ICT & Teaching (454 items)To section archive
Teachers’ beliefs about young children’s technology use at home are intertwined with their beliefs about parents and their parenting practices. This paper reports a qualitative study of eight purposefully selected Chinese preservice early childhood (EC) teachers’ beliefs about children’s home technology use and associated representations of parents and teachers. The participants possessed inflated positive beliefs about young children’s natural technology competence but were worried that parents would expose children to content for prolonged periods. Teachers’ role was seen as responsible guides for children and educational authorities over parents. Implications for research and teacher education are discussed.
Updated: Oct. 14, 2021
Preparing the next generation of preschool teachers who can integrate and make use of ICT to capitalise on and develop young children’s digital competences remains a challenging goal for teacher education programmes (TEP). Given the current gaps in the literature, this study aims to expand and deepen our understanding of the extent to which early childhood pre-service teachers encounter ICT during their training and how they are prepared to use digital technologies in their future practices. The empirical data was generated through a focus group study with pre-service teachers and interview with their teacher educators at an institution of higher education in Sweden. The findings of the study suggest that pre-service teachers feel they have not been adequately prepared to integrate ICT into their future educational practices in preschool. Teacher educators, however, demonstrated a completely different perspective, highlighting a variety of initiatives that they were implementing to prepare the next generation of preschool teachers to use digital technologies. It will discuss why pre-service teachers, unlike teacher educators, feel they are not being adequately prepared to use digital technologies in early childhood education. The study also provides a detailed account of the varied procedures involved in preparing pre-service teachers’ digital competences and makes recommendations to teacher educators on how to enhance future preschool teachers’ Technologica-lPedagogical-Content-Knowledge (TPACK).
Updated: Oct. 12, 2021
To Study the Impact of Google Classroom as a Platform of Learning and Collaboration at the Teacher Education Level
The purpose of this study was to assess the impact of Google Classroom Platform of learning at the teacher education level. Web-Based Learning Environment Inventory (WEBLEI) (Chang and Fisher 1998, 2003) and Google Classroom Evaluation Survey was used in this study. The sample of 60 students consisting of both males and females was collected from one college of education in Jammu city, where teaching-learning process was being conducted using the Google Classroom setup. Data analysis revealed that students could access the learning activities easily, they could communicate with other students in their subject electronically, they could decide when they wanted to learn, and they could work at their own pace. Results also showed that the students could regularly access online resources and they had the autonomy to ask their tutor what they did not understand. Students experienced a sense of satisfaction and achievement and they felt at ease in working collaboratively with other students. The students were also happy to print lectures and exercise materials from resources uploaded by their teachers. Responses to the Google Classroom Evaluation survey showed that the teachers were able to give better individual attention and students developed a group feeling in such a classroom setup. Students also felt that learning through the Google classroom was not boring and it was not a waste of time. They found it to be an effective medium of studying.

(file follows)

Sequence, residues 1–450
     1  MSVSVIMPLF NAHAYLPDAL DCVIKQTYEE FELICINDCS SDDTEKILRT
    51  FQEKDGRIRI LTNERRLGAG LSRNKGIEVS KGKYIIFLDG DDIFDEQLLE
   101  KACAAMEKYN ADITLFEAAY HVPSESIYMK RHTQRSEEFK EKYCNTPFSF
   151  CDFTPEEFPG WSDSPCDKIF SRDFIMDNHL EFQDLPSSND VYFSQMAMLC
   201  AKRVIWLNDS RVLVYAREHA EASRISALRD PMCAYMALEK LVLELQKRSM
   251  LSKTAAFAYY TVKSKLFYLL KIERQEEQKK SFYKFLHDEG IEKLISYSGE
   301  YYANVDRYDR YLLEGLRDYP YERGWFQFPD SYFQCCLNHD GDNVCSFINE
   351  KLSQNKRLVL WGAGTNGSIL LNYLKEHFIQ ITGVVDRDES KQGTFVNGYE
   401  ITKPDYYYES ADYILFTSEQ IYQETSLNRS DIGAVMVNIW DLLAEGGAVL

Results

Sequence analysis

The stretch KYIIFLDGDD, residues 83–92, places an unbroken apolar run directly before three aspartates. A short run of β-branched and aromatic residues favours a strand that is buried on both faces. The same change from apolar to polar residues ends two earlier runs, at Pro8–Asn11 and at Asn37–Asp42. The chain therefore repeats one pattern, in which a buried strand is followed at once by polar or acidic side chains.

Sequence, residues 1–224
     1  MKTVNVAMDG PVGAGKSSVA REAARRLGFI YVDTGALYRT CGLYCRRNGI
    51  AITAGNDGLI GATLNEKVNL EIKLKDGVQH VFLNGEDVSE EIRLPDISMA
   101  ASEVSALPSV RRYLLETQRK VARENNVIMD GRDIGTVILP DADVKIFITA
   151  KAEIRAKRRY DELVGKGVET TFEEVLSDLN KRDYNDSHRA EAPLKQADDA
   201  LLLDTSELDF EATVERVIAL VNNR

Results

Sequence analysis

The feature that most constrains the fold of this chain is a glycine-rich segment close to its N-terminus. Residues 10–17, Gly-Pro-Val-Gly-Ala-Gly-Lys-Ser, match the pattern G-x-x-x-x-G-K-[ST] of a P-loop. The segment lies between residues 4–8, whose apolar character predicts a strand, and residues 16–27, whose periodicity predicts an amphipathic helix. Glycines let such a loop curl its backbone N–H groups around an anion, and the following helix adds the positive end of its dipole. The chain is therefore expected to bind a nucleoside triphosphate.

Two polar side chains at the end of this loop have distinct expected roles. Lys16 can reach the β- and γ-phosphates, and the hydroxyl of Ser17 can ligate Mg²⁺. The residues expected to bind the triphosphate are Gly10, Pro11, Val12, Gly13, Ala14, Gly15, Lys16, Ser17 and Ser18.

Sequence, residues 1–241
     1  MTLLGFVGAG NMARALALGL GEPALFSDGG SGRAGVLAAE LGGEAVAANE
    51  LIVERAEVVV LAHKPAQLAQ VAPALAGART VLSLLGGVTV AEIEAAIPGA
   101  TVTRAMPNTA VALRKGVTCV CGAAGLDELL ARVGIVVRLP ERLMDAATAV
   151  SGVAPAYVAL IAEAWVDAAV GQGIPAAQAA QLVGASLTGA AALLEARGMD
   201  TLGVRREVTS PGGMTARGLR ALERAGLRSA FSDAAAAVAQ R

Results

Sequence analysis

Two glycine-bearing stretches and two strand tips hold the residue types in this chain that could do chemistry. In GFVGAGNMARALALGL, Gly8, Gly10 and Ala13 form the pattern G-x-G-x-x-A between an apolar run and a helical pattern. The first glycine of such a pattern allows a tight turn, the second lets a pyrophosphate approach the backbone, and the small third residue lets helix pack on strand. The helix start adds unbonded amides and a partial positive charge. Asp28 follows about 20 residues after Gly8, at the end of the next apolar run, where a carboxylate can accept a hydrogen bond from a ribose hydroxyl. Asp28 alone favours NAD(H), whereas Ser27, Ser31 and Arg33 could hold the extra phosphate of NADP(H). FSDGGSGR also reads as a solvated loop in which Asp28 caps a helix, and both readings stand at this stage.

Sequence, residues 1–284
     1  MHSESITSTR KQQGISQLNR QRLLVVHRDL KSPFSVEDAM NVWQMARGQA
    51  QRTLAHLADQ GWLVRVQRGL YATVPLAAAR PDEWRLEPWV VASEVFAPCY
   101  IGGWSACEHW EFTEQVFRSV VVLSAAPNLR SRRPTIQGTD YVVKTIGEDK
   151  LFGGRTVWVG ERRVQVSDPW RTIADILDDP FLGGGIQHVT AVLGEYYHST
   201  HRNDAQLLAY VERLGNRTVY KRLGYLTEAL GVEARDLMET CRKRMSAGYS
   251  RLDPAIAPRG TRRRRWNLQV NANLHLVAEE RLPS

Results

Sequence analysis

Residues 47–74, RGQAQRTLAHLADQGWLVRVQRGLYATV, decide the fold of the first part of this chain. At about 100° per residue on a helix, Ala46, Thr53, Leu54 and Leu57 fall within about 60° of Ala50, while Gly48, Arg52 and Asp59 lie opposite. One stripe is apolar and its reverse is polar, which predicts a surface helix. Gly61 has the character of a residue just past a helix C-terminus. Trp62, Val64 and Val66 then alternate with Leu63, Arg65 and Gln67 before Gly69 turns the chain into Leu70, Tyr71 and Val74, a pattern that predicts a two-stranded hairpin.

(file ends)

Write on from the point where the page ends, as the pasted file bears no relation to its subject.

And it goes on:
Updated: Oct. 11, 2021
As a teacher educator, the author sought to understand how to cultivate care ethics in her online teaching over a three-year period. Through surveys, student work, interviews, her course materials and teaching journal, and video-ed synchronous class sessions with seven cohorts of teacher candidates, the lenses of care ethics revealed particular challenges and possibilities for care with authentic modeling through story, practice and continuity, dialogue, and addressing power and confirmation in assessment. The self-study process helped her uncover her own assumptions to carve out better ways to cultivate caring relationships in the distanced and disembodied online environment.
Updated: Oct. 08, 2021